Daley's Casino Royale
By Doug Dobmeyer
Editor's Note: Doug Dobmeyer is the spokesperson for the Task Force to Oppose Gambling in Chicago. He sent this along this morning.
House Hearing on a Chicago Casino
(October 18, 2007, Chicago, IL . . . ) The House Gaming Committee held a six-and-a-half hour hearing on a proposed Chicago casino.
Paul Volpe, Chicago's Chief Financial Officer, pled the case for Mayor Daley. Volpe claimed that thousands of jobs would be created (1,800 construction and 1,900 casino jobs) in addition to 6,700 jobs at the services that work with the casino. Volpe made it sound fantastic. He did not tell how many of the construction and non-casino jobs would exist anyway.
Volpe asserted the city would only take on a casino if it was "profitable." The meaning of profitable remained undisclosed all day. He did state that the estimated $800 million license fee would not make the venture profitable. Later he stated that even one dollar was too much. That extreme statement left people feeling Chicago was being arrogant. Later it was thought a private operator might pay $ 2 billion for a license to operate a Chicago casino.
Volpe also said the 50 percent tax was not feasible for Chicago to make a profit. (This is the level of taxation when the adjusted gross revenues exceed $200 million) When asked what level of AGR would be needed, Volpe left people gasping. He claimed a Chicago casino would yield one billion a year in AGR. This would be a very tall order.
Illinois in 2005 with nine riverboats yielded $1.7 billion in AGR. By 2006 that number climbed to $1.9 billion. Riverboats varied between $39 million in Rock Island and $430 million in Elgin. Chicago is slotted for 4,000 gambling positions (slot machines or spaces at card games such as 21).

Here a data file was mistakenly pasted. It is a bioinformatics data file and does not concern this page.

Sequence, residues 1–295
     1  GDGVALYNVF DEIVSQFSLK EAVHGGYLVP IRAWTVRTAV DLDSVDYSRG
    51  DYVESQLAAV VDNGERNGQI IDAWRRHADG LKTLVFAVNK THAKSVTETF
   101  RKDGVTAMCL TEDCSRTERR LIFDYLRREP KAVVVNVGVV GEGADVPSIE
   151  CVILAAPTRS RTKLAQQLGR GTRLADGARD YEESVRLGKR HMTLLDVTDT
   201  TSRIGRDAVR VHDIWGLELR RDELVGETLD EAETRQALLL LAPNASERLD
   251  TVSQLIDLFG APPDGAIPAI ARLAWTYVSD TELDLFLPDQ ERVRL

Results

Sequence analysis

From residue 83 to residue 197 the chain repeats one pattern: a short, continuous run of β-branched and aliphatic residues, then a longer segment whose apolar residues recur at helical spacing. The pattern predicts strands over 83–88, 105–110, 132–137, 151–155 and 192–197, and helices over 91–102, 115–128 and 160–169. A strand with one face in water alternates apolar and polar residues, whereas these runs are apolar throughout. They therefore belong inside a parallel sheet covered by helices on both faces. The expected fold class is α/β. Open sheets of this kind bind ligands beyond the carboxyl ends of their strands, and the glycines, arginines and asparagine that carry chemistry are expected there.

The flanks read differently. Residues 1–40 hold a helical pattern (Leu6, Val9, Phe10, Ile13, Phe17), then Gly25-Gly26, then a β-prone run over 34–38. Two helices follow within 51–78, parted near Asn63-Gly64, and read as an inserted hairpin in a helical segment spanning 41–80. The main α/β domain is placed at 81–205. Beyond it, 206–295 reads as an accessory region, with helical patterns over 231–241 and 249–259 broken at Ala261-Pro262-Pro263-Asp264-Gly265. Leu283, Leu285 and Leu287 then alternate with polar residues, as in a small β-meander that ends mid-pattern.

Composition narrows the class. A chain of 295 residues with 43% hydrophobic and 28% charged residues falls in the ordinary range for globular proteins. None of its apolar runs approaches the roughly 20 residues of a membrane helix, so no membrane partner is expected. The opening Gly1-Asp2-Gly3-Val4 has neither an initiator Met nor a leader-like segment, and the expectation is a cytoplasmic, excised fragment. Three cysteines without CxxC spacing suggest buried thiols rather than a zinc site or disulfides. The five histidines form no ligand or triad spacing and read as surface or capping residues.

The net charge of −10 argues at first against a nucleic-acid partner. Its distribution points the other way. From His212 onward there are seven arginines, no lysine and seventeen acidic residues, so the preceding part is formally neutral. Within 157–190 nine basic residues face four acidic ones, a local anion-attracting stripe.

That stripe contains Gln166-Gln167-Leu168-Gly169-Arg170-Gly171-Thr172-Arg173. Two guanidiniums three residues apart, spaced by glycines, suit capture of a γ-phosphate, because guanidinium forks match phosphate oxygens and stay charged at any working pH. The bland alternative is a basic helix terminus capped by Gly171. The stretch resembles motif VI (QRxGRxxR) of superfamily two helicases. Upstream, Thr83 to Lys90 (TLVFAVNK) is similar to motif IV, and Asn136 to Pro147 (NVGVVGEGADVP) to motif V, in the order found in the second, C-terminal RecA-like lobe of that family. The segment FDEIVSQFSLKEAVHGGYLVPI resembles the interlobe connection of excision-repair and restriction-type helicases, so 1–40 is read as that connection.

Volpe once again stated that Chicago would only have a world-class casino. Later in news media interviews he stated that Chicago is now a world-class city. One pitch point of the Daley Administration is a casino will make Chicago a world-class city. It is unclear how much more of a world-class city Chicago wants to be.
The issue of eminent domain came up. Eminent domain exists to allow government to acquire property for the common good - such as roads. It was not specified how much power of eminent domain the city may have in building a casino and ancillary services.
The City would not rule out future property tax increases to Chicago homeowners because a casino existed.
Volpe weighed in on casino AGR leveraging other funds. He contended that each $100 million in AGR can launch a one-billion dollar capitol plan.
The city said they did not have anyone in mind to manage the casino. They expect to pay 30 percent of the AGR for a management fee.
A number of horse racing owners (tracks and horses) testified. They said taxes on slot machines at tracks could yield $180 million in taxes to Illinois.
Tom Swoik of the Casino Operators Association, representing eight of the nine existing riverboats in Illinois said there was no consensus among owners on approval of a Chicago casino. Chicago would become the giant among Illinois casinos and siphon off business from area suburban boats.
Swoik also raised the possibility of a Chicago casino over-saturating the Chicago market.
Unanswered Questions: There are many, too numerous for this list. Several include:
1. Is Chicago getting a sweetheart deal at a lower cost than a private operator?
2. Does Chicago have the management capacity to protect the integrity of the investment?
3. Will the state provide the funds to the Illinois Gaming Board to do its job of policing and regulating a Chicago casino along with the other ten in Illinois?
4. Have the proponents (the city) oversold the product?
5. Will the resulting income be worth the social costs?
6. Will a referendum be held to let the people of Chicago have a say on locating a casino in the city?
These and other complex questions will take more than a hearing to unravel.
As The Casino Turns: